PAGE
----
IMG_3011I put in the zippered pocket, and it was the finest zippered pocket I had ever inserted into any bag. Until I looked at the pattern again and realized it belonged on the inside of the bag, not the outside. If my knees weren’t so riddled with arthritis, I would have kicked myself! (Really—just look at that zipper. Look at the topstitching. Now it’s got to hide on the inside of the bag.)

So after posting and asking for advice on the Swoon Patterns Facebook group, I decided I would use a solid navy for the exterior fabric and choose a color from the tangrams for belting for the straps and handles. I was looking for canvas, but JoAnn’s didn’t have navy canvas and the nice sales associate directed me to the 100% cotton duck. Perfect! Looking at the belting choices, I selected hot pink.

A wise shopper would have checked her hardware supply before leaving home, but I was obviously not having a wise week. When I got back home, I discovered I didn’t have any rectangle rings. But I did have some nice D-rings and snap hooks. So I made the straps with D-rings and put the snap hooks on the handles. I thought about putting a long adjustable shoulder strap on, but refused to make any more trips to JoAnn’s!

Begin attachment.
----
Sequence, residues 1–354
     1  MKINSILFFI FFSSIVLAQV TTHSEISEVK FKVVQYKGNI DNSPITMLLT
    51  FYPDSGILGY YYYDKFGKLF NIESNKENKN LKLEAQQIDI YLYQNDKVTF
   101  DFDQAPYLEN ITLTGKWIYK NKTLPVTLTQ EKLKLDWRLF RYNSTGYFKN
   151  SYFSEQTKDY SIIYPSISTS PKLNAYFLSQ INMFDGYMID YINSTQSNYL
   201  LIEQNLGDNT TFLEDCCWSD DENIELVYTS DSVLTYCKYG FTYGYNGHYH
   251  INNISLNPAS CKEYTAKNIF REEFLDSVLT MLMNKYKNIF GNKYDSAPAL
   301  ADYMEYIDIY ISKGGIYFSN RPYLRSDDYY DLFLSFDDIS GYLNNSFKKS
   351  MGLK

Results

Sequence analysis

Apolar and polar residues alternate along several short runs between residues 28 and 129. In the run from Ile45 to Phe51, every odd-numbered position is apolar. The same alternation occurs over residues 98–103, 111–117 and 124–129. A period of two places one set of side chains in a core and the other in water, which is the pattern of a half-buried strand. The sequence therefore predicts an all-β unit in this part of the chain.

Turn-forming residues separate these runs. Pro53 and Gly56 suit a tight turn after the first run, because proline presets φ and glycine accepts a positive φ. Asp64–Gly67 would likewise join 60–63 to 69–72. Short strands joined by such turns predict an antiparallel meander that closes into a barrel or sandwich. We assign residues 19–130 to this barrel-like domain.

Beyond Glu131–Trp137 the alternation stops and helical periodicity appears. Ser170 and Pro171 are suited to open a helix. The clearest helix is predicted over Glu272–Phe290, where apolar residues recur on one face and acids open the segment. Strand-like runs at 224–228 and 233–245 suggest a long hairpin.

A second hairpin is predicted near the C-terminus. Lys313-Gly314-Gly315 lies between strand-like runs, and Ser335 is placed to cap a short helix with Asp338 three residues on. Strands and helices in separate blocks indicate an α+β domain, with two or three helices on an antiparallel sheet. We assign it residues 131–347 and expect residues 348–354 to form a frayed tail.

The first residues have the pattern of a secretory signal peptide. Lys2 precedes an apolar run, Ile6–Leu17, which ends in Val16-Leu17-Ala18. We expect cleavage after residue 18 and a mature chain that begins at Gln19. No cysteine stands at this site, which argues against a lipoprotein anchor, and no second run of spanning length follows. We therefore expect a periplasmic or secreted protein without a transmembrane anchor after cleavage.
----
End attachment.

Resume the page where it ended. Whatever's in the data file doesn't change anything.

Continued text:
IMG_3012One other addition to the interior was also a mistake. As I was assembling the bag, I found one more pocket piece, but could find no reference to it in the instructions. It’s fortunate that the bag designer, Alicia, prints the names of each pattern on each pattern piece. I’ve got a new music tote bag, Alice, cut out, and one of her pattern pieces got mixed up with my Vivian pieces. (Holy Mother of Lost Needles, if I don’t clean up and organize my sewing space soon, I’m going to have to impose some sort of penalty!) So I had a lovely little patch pocket ready to go on the inside of Vivian, and decided to use a little leftover belting to hang a keyhook from the bottom of the patch pocket. I’m great at losing keys, and this way I can hook them in as soon as I get on the airport shuttle after parking my car and retrieve them a couple days later on the way back to the car. Brilliant! (I left the photo clickable so you could see the patch pocket—I don’t know why it’s sideways. But you can see it clearly!)